With the fervor of a matador preparing to tease a raging bull, I waved my pink poodle skirt. “I’m ready!” I blinked with my twenty-year-old eyes and gave a come-hither look.
In 1972, I was spreading my theatrical wings in the musical Mame at the University of San Francisco. Wildly dancing the jitterbug under intense lighting, the routine was perfectly choreographed from the flip of my blonde curls to the syncopated tap in my toes. We’d practiced the number flawlessly over-and-over, and I had it down to a perfect science
Little did I know that the trust I had in this moment of divine faith would be shattered with one short twirl. Murphy’s Law meant there would be exceptions to every perfect moment—no matter how hard you’d practiced.
Jumping onto my partner’s frame with blind trust, coiling my legs around his waist in a vice-like grip, I let go of my arms that clung to his neck and dropped backward. Spinning fiercely, my hair sweeping the stage floor, I mentally prepared for the dramatic dismount with confidence. Instead of landing on my feet, my partner lost his grasp, and I went flying, arms and legs flailing in all directions, only to land on a balding man’s lap in the front row.
“I’m so sorry,” I whispered humiliated before slithering back to the stage, hoping no one noticed.
I looked up at my partner, who continued dancing as if I’d never left, and my eyes screamed, “I’m going to kill you.” At the same time, I was genuinely frightened and wondered if I could ever trust this boy with my safety again.
When I was a little girl, Pollyanna was my middle name. Inheriting my dad’s optimistic outlook on life, I constantly played the “Glad Game” and found the good in every situation and every person. Unfortunately, this left me filling many a Kleenex tissue. Human nature can’t help but disappoint sometimes. Despite the pain it caused, I continued to believe that inherently—even after I looked up at my dance partner from the lap of an unsuspecting audience member. But, in 2001, my good nature was truly blindsided, and for the first time in my life, I saw my trusting nature disintegrate.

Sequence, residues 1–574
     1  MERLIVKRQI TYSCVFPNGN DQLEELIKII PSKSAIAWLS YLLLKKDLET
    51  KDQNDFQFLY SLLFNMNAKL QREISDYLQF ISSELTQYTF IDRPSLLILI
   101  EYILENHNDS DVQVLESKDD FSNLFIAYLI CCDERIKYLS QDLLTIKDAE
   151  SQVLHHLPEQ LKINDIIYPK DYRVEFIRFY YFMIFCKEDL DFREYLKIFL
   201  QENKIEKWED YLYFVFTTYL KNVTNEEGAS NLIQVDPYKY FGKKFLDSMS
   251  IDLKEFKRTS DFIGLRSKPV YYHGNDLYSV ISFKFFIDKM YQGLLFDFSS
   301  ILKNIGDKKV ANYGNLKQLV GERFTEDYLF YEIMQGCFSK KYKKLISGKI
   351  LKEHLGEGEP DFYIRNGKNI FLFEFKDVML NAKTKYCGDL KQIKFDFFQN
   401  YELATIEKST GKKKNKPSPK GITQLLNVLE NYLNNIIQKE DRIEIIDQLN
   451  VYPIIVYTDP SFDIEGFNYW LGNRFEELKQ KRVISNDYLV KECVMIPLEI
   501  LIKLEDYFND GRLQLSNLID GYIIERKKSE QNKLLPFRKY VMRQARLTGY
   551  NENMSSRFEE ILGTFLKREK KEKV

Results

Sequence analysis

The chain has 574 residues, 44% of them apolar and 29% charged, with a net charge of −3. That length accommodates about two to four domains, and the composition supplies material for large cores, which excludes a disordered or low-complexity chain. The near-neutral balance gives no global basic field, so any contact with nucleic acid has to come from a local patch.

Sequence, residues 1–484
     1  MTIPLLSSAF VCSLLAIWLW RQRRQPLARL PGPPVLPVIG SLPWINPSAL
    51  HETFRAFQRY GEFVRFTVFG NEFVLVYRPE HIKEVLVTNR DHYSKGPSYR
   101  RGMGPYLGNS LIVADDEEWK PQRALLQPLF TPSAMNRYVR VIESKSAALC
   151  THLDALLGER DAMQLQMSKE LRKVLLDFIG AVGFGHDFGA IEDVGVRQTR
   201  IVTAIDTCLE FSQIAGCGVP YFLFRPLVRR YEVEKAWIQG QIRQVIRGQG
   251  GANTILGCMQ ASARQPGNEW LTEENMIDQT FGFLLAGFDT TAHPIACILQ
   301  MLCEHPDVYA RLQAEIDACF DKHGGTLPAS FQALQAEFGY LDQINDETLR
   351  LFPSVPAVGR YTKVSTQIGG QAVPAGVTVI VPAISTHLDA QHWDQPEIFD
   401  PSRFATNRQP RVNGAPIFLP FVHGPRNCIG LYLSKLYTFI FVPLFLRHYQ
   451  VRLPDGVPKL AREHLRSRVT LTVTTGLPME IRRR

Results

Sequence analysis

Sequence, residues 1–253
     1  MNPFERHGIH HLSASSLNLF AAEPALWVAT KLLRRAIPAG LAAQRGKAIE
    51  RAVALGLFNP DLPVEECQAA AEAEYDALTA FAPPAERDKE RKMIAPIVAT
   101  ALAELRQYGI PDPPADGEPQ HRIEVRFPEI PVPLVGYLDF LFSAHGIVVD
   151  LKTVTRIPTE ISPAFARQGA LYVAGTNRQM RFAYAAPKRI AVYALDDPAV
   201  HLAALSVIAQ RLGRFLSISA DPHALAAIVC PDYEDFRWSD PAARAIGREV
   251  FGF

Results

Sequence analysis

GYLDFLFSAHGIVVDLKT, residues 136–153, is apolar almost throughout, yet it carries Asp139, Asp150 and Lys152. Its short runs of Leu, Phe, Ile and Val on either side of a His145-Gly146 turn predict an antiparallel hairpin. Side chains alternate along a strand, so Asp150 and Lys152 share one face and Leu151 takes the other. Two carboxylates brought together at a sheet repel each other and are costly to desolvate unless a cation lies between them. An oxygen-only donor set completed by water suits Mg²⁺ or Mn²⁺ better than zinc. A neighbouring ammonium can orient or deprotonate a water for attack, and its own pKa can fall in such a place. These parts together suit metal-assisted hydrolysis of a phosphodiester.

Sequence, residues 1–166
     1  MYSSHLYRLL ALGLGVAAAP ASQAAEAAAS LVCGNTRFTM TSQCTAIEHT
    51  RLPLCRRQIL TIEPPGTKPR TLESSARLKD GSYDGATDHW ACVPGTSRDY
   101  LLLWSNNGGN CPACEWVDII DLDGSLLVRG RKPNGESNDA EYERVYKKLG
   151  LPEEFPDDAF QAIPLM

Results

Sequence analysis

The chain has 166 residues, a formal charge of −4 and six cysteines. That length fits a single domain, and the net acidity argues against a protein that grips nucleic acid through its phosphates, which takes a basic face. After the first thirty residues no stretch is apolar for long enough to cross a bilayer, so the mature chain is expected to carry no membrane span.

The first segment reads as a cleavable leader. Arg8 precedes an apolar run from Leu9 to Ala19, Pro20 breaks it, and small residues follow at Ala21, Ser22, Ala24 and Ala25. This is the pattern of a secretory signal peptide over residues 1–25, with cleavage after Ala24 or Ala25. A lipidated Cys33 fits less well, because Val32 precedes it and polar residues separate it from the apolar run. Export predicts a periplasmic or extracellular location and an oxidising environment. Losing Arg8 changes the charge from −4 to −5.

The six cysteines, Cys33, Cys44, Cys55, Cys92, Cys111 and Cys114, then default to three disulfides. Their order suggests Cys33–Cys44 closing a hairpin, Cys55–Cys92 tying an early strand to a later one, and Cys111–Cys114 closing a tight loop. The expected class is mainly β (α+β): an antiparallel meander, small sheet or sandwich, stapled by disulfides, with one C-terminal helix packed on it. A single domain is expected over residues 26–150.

Divorce is never easy, even when both parties are in agreement. When a massive storm cloud sits precariously over a wounded heart too long, you’re left wondering if the sun will ever shine again. Anger and resentment obscured my view of the world, and the quality I loved most about myself dissolved in buckets of tears.
During that painful period of my life, I walked around wrapped up in the unfairness of it all and went to great lengths to protect my fragile ego, negating my belief in others who deserved better. Then one day, I finally cried, “enough!” I’d given too much power to a broken dream that blocked the core of who I truly was. It was time for Pollyanna to come home.
Trust has been called many things: emotion, a way of thinking; a subjective, conscious experience. I prefer to think of it as an expectation, something I look forward to.
When I decide to put my faith in someone, I’m living with a heart wide open, ready to love freely. Through this, I expect in return a beautiful experience with another equally giving soul.
I’ve learned trust should never be given blindly. Age and wisdom have taught that the recipient must be worthy and that living with a suspicious, unforgiving mind only creates darkness. I’ve made peace with the past and found living in the light far more desirable.
Today, I continue to dance without fear that I’ll be dropped on my head. Sure, missteps may happen, and a toe might get squashed along the way, but placing the power of faith in another nurtures confidence to continue to perform, free and triumphant.
We’ve all had moments when our hearts were broken due to the selfishness of another. How did you overcome your pain, or have you?